Texas requires all women who want an abortion to go through a medically unnecessary ultrasound 24 hours before the procedure. There’s no reason to do it other than to try and guilt her out of the decision by falsely suggesting she’s about to commit murder.
Now a member of The Satanic Temple is suing the state’s Department of Health Services and its director Dr. John William Hellerstedt, claiming they’re getting in the way of her “Satanic Abortion Ritual.”
The argument goes like this: The anonymous plaintiff says that ritual is meaningful to her and not just something she does as a loophole around abortion restrictions. For surgical abortions, this is what the ritual looks like, with references to the Satanists’ Seven Fundamental Tenets:
Immediately before receiving any anesthetic or sedation, look at your reflection to be reminded of your personhood and responsibility to yourself. Focus on your intent, take deep breaths, and make yourself comfortable. When you are ready, say the Third Tenet aloud. The surgery can now begin. During the operation, take another deep breath and recite the Fifth Tenet. Immediately after the surgery, return to your reflection and recite the personal affirmation. Feel the doubts dissipating and your confidence growing as you have just undertaken a decision that affirms your autonomy and free will. The religious abortion is now complete.
The lawsuit says obtaining an ultrasound would get in the way of all that because it violates the Fifth Tenet (“Beliefs should conform to one’s best scientific understanding of the world”) and the Third Tenet (“One’s body is inviolable, subject to one’s own will alone”). That makes it impossible to perform the ritual as intended.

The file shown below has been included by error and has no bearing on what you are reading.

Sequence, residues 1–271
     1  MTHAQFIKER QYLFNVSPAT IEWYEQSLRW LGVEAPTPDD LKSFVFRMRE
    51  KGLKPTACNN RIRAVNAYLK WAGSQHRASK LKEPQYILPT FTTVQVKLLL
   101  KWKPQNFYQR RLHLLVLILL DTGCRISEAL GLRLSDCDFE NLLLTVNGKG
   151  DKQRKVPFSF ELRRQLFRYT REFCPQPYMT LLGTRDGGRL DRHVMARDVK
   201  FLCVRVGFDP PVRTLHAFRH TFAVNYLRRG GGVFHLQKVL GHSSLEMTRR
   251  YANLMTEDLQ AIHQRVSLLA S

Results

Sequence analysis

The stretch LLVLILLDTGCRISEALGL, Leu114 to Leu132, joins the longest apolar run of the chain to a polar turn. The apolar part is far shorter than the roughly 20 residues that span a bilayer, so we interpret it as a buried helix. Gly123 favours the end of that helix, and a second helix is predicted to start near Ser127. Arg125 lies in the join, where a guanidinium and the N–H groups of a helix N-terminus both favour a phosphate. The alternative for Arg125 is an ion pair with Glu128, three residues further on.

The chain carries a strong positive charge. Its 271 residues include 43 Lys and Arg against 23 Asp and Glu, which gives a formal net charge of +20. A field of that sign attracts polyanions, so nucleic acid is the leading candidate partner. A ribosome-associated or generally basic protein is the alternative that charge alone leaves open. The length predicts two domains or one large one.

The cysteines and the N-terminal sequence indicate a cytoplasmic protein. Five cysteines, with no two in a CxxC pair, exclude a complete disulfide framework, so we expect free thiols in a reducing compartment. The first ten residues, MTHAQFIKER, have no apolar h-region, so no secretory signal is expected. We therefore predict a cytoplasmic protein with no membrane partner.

And yet the Planned Parenthood where the plaintiff scheduled her abortion says it must follow the law — and therefore violate her religious beliefs. (Planned Parenthood is named as a defendant in the lawsuit for that reason, though the plaintiffs admit this isn’t their fault.)
On January 22, 2021, Ms. Doe’s religious beliefs compelled her to seek a religious exemption to these regulations: both because the regulations violate her beliefs and because they substantially interfere with the Satanic Abortion Ritual.
The facility refused to grant it.
Neither Ms. Doe nor TST fault the facility.
As written, the regulations do not provide for religious exemptions.
If the facility granted Ms. Doe a religious exemption, the facility would incur sanctions from the Department.
“Jane Doe” says the ultrasound requirement is a violation of her First Amendment and Equal Protection rights, among other things, so she needs the court’s help.
But even if you set aside the Satanism aspect of this case, the bigger issue is whether religious exemptions should ever be granted in cases like these, where no one would be hurt by them. We’ve seen judges bend over backwards to accommodate Christians who want to open their churches despite the threat of the coronavirus. And yet I doubt courts will do the bare minimum in this case, even though no one stands to gain anything by forcing the plaintiff to get an ultrasound against her will.
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